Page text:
Saturday, October 22, 2011

Homebrew '82: Combat Flowchart

If I ever get back into running a tabletop RPG, it would probably be my own evolving Homebrew '82 system, with players most probably being friends and colleagues who haven't played D&D or any other RPG at all. Thus, I'm aiming for my Homebrew '82 Player's Guide to contain enough introductory material for total newbies to get comfortable with it all.

Thus, here's a draft of a visual flowchart for the typical progression of combat...
Click for bigger version.
Of course it will be backed up by several pages of text, but it may be useful to have this sitting out on the table. It's pretty basic stuff for most readers, probably, but hopefully useful for people just starting out.

FYI, out of curiosity, I googled the phrase "combat flowchart" and found a strange hodge-podge of quasi-similar things, but not much that fits into the old-school D&D-ish box that I'm comfortable with. Probably because combat is pretty simple in these systems (at least compared to the 3rd and 4th editions of ye olde game) and doesn't really call out for something like this. But still... newbies...  :-)

I should mention that I'm not intending to have a formalized "declare actions" phase in each round. I get the nuances of strategy that this can offer, but I generally agree with Cyclopeatron that it simplifies and speeds things up to drop this step, and also that the side that loses initiative already has enough to deal with (you know, like maybe dying before getting a chance to strike back?)

Also, I'm dumping lots of things into the "Take 1 melee action" phase. Attacks, parries/blocks, spell-casting (which is instantaneous), missile firing, sneaky maneuvers, or an extra burst of movement -- they're all possible actions, and they're all done in this step. This idea may be blasphemous to many readers used to spells and missiles going off first, but it's a reflection for how D&D always seemed to go for us back in the day... even when we started with the best intentions of following all of the rules to the letter.  :-)

Thursday, October 13, 2011

On the Care and Feeding of Exemplars

I've got a loose amalgam of ideas floating around in my head, and I'm hoping that writing a blog post will help them congeal...

I began the day thinking about three close colleagues of mine who were at the White House today, receiving awards and shaking hands with President Obama. Of the three, one of them is something of a sleazeball, one of them is an overall decent person, and one of them is someone that I really look up to.  (Which is a hard thing for me to say, being the self-centered egotistical type... i.e., a blogger!)  Colleague #3 is what I think of when I hear the word gentleman. Someone that, after talking to him, despite the fact that he's probably 7 or 8 years younger than me, I tend to think "Gee, I'd like to be like him when I grow up..."

Why bring up these guys? This whole thing of admiring other people has so many strange cultural facets. It seems like the pendulum is always swinging between the extremes. Some rugged individualists tell you that to look up to someone else is a sign of weakness... other people sometimes seem far too eager to lose themselves in hero worship. Then there's the issue of admiring a person as a whole, versus focusing on a single admirable quality (especially if they're deficient in other areas). Believe it or not, I think Homer Simpson found the golden mean when he wanted to be an inventor like Thomas Edison:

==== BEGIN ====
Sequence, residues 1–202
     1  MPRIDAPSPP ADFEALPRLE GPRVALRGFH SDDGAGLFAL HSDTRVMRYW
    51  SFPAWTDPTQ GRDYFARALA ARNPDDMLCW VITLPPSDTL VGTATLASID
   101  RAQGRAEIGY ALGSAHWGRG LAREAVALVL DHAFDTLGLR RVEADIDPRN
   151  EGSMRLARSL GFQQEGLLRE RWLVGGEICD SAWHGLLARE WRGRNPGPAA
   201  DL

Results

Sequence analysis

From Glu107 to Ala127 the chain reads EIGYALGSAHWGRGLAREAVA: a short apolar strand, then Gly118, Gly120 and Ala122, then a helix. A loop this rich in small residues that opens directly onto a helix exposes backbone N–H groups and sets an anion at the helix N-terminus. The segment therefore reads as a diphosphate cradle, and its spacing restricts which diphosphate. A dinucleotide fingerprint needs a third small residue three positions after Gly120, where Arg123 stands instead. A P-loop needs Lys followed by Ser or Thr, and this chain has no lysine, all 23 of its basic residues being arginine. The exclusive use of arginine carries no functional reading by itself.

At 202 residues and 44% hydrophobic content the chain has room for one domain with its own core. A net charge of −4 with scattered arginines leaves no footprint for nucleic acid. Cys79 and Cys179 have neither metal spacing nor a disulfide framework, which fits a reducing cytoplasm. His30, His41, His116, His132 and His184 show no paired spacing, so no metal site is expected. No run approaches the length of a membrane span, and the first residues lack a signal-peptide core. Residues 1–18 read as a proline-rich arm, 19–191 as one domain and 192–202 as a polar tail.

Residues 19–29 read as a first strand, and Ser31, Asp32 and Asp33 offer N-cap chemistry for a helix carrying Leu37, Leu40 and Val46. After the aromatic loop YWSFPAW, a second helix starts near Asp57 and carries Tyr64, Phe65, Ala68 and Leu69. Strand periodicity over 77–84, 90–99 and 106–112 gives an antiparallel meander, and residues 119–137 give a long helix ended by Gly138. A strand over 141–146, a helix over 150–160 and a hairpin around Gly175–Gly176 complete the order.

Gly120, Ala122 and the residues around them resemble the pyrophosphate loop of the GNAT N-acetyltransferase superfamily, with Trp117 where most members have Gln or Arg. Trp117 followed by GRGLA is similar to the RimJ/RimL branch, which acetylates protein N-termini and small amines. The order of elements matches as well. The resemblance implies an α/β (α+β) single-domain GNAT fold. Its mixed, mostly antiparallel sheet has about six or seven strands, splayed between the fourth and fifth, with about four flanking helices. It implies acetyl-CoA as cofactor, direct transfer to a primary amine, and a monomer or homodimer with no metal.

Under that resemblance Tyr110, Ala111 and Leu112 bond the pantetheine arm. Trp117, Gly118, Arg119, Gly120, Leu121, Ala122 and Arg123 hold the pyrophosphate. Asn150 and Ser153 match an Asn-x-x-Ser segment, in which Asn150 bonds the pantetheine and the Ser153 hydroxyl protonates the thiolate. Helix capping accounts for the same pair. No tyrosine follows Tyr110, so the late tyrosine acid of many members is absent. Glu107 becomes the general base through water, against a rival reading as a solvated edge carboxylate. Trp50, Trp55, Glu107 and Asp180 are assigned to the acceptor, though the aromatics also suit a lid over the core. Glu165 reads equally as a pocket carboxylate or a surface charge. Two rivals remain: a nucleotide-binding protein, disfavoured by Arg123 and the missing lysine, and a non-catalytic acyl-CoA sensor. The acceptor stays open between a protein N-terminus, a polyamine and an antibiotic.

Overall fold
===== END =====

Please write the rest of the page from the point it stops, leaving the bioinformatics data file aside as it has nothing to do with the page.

At best, "exemplars" help us to reach new heights... and to keep our egos in check when we think we're the best thing since sliced bread. Sure, obsessing about them isn't good, but neither is pretending they're not out there.

I think this does have something to do with games. I'm really glad that the world contains someone like Alexis Smolensk, who strives for excellence in D&D and doesn't settle for mediocrity. Also, these games let us play in arenas of human endeavor where there are quantified, hard-and-fast definitions of who is "better" than whom (in certain ways). That's far from politically correct these days. Seeing someone's skills and achievements in an RPG isn't a reason to feel bad about ourselves... we're inspired to match those achievements with our own noble deeds (or devious chicanery!). Does this -- gasp -- even make us better people?

Yes, yes, this comes dangerously close to the laughable comment made in that old X-Files episode: "Well, hey, I didn't spend all those years playing Dungeons and Dragons and not learn a little something about courage."  Still, there's a grain of truth in it, too.

Anyway, I'm not sure if this all has a point or not. Maybe the general idea of "not settling for mediocrity" is what we should strive for... and the exemplars just help remind us that it's possible to stick to those guns!

Saturday, October 1, 2011

Coda: September of Short Adventures

It was loads of fun! Thanks to /Matt for the idea of this challenge, and thanks also for assembling links to everyone's SoSA posts in one handy place! This will certainly help me catch up on lots that I missed.

I've now got to get back to finishing up the Player's Guide for Homebrew '82 ... and also finally finish cutting out the laminated cards for my DIY Dungeon board game.

Oh, and work... yeah, that too...  ;-)